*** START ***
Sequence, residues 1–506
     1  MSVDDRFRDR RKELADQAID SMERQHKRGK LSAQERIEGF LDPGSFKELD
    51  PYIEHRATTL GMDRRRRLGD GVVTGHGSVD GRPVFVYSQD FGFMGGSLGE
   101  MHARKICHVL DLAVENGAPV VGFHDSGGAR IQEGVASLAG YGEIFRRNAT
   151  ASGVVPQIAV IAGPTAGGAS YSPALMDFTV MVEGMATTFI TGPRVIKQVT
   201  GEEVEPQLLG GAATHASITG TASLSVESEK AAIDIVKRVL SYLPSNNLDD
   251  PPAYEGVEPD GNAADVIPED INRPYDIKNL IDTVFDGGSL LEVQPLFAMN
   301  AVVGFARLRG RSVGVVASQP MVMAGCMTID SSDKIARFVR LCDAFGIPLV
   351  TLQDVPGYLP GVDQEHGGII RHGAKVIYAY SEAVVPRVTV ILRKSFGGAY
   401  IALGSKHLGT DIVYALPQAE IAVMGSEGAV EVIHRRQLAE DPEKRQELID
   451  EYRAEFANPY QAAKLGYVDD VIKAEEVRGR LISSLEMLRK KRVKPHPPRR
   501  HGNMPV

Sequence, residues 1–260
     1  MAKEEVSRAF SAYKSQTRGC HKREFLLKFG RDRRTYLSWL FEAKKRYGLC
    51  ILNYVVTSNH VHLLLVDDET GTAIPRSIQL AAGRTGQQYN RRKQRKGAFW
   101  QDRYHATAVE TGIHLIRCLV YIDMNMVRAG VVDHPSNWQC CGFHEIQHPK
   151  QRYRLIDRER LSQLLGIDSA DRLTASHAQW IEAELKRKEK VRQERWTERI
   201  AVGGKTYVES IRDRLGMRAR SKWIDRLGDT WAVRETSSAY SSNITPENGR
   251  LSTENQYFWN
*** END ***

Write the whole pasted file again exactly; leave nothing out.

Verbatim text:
Sequence, residues 1–506
     1  MSVDDRFRDR RKELADQAID SMERQHKRGK LSAQERIEGF LDPGSFKELD
    51  PYIEHRATTL GMDRRRRLGD GVVTGHGSVD GRPVFVYSQD FGFMGGSLGE
   101  MHARKICHVL DLAVENGAPV VGFHDSGGAR IQEGVASLAG YGEIFRRNAT
   151  ASGVVPQIAV IAGPTAGGAS YSPALMDFTV MVEGMATTFI TGPRVIKQVT
   201  GEEVEPQLLG GAATHASITG TASLSVESEK AAIDIVKRVL SYLPSNNLDD
   251  PPAYEGVEPD GNAADVIPED INRPYDIKNL IDTVFDGGSL LEVQPLFAMN
   301  AVVGFARLRG RSVGVVASQP MVMAGCMTID SSDKIARFVR LCDAFGIPLV
   351  TLQDVPGYLP GVDQEHGGII RHGAKVIYAY SEAVVPRVTV ILRKSFGGAY
   401  IALGSKHLGT DIVYALPQAE IAVMGSEGAV EVIHRRQLAE DPEKRQELID
   451  EYRAEFANPY QAAKLGYVDD VIKAEEVRGR LISSLEMLRK KRVKPHPPRR
   501  HGNMPV

Sequence, residues 1–260
     1  MAKEEVSRAF SAYKSQTRGC HKREFLLKFG RDRRTYLSWL FEAKKRYGLC
    51  ILNYVVTSNH VHLLLVDDET GTAIPRSIQL AAGRTGQQYN RRKQRKGAFW
   101  QDRYHATAVE TGIHLIRCLV YIDMNMVRAG VVDHPSNWQC CGFHEIQHPK
   151  QRYRLIDRER LSQLLGIDSA DRLTASHAQW IEAELKRKEK VRQERWTERI
   201  AVGGKTYVES IRDRLGMRAR SKWIDRLGDT WAVRETSSAY SSNITPENGR
   251  LSTENQYFWN